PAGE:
The struggle continues for Valencia
Trouble is afoot in Valencia and has been since the start of the season. Despite the club qualifying for the last 16 of the Champions League and lying in twelfth position in the Primera Division their manager Mauricio Pellegrino was sacked last Saturday. Having finished in third place for the … Continue readin
Trouble is afoot in Valencia and has been since the start of the season. Despite the club qualifying for the last 16 of the Champions League and lying in 12th position in the Primera Division, their manager Mauricio Pellegrino was sacked last Saturday.
Having finished in third place for the last three seasons, the club and their wonderful supporters have expectations that have seemingly not been met in the opening months of the season. Following a very tricky start to their domestic season – which saw them travel to both the Bernabeu and the Camp Nou in the opening three weeks of the campaign – it was thought that they had turned a corner but some heavy defeats in recent games brought about Pellegrino’s downfall.
The heavy loss inflicted by Malaga and then conceding five to Sociedad at the weekend was the final straw for the supporters and in turn, the President. Speaking after his sacking, the former Valencia manager stated: ‘I consider it unjust and I do not agree with it. I believe it is a product of anger and above all a fear of the situation, but this is football and this is what happens.’
It appears from the outside to have been somewhat hasty when you also consider that they have qualified through their Champions League group with a game to spare. Playing in Europe has been a respite for the club this season where they have achieved some wonderful results and played some impressive football.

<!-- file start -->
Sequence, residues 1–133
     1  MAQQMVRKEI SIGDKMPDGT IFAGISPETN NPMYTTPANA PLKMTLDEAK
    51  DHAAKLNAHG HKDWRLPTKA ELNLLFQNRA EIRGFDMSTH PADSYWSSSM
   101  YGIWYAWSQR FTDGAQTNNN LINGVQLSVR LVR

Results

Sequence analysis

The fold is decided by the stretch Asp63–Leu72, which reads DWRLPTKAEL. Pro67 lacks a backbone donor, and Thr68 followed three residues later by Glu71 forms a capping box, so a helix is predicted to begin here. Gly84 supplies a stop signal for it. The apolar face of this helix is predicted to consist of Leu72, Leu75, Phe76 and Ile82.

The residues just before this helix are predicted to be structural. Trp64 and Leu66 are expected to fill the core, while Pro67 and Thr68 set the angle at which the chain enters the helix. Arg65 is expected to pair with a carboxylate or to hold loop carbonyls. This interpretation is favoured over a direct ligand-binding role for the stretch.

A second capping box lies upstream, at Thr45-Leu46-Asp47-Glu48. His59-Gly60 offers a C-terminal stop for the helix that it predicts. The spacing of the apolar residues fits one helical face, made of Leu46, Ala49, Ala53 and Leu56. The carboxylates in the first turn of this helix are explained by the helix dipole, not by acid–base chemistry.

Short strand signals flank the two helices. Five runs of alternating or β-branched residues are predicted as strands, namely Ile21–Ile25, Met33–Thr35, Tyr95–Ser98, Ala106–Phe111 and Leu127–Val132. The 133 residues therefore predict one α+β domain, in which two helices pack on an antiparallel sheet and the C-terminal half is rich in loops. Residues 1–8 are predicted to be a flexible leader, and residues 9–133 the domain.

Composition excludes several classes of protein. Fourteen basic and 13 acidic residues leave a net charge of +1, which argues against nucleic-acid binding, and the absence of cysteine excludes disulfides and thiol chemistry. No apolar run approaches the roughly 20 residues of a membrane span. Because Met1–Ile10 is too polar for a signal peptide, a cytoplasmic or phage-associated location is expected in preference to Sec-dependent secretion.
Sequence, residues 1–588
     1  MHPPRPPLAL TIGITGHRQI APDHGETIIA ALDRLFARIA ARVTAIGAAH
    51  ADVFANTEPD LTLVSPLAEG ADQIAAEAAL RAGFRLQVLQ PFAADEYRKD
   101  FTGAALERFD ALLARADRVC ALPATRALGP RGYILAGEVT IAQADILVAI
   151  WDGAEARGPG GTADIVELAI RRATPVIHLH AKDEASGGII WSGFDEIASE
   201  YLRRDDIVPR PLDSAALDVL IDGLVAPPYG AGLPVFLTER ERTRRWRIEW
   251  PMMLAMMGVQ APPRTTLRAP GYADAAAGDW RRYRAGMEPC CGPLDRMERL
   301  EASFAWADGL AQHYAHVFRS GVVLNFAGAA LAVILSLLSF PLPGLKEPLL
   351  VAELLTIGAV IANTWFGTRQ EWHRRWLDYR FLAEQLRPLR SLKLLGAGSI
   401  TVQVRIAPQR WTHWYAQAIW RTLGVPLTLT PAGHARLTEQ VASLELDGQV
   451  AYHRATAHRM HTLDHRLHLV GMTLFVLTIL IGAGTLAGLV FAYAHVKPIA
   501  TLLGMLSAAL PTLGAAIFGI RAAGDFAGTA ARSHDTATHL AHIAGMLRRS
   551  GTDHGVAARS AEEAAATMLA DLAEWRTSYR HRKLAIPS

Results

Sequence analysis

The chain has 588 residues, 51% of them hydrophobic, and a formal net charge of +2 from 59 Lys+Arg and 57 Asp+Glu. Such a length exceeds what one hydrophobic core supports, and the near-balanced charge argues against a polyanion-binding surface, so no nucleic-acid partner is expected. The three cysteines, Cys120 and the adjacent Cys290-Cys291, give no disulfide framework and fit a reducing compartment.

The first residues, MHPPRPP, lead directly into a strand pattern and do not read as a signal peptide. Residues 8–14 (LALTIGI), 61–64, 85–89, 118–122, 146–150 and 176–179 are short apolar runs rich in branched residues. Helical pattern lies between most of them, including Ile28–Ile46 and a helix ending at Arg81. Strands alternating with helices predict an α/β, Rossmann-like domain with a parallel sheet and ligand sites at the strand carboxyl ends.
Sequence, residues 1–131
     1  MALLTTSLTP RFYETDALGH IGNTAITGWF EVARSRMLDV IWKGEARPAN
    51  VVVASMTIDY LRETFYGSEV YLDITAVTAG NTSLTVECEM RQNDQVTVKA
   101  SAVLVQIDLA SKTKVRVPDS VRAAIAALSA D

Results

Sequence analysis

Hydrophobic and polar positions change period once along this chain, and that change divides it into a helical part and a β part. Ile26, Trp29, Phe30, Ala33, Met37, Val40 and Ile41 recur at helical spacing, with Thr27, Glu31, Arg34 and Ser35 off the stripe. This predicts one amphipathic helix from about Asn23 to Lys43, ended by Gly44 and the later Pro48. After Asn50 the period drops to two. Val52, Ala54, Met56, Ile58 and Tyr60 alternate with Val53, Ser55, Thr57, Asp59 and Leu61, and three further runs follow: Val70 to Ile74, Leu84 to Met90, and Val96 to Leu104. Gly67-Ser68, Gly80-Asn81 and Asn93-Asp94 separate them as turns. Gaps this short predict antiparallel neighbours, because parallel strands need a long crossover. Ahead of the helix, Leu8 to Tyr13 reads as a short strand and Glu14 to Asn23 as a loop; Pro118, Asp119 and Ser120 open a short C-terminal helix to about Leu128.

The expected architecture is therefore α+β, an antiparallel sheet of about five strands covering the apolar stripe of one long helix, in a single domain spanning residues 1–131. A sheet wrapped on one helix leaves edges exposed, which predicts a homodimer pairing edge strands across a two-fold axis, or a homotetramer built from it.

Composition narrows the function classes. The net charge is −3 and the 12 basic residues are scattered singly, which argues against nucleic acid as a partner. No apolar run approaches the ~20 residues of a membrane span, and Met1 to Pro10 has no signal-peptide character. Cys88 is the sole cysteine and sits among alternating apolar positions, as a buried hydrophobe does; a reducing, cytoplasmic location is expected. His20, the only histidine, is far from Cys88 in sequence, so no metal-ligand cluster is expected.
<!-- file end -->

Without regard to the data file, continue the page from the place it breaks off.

The reality is that Valencia are a club who have consistently had to sell their best players in order to appease their appalling financial status. In the last few years, the club have sold Juan Mata, David Silva and David Villa simply to help balance the books, which has stagnated their growth. It has been an achievement in itself to finish behind Barcelona and Real Madrid for three years in a row but the negative aspect of this success is that it builds false confidence and increases expectation.
Whilst Los Che’s form in the league has been far from inspiring, it must be remembered that the season is a mere 14 games in. There is an awful lot of football to be played before May and with the quality at their disposal, the season was far from lost. What the new manager, Ernesto Valverde, has to do now is get the players onside and ensure that performance levels pick into the New Year. The club remain only seven points behind Real Betis in fourth place and a consistent run would put them back in contention.
There are very few clubs who can compete with the massive teams in Europe without their rival’s limitless resources. In a sense, Valencia have possibly overachieved in recent times considering their financial plight, but the temporary dip in form has cost the manager his job. Expectation can be a fickle business and in football, everyone wants success instantly. Pellegrino has paid the price for the perceived shortcomings in performance, when time was all he needed.
Unfortunately for the Argentine, he was not allowed any more, which sees Valencia’s struggle continue to rumble on.
Written by Andy Hunter
Follow him on Twitter @hunter67980
You can follow him on Twitter @OPosts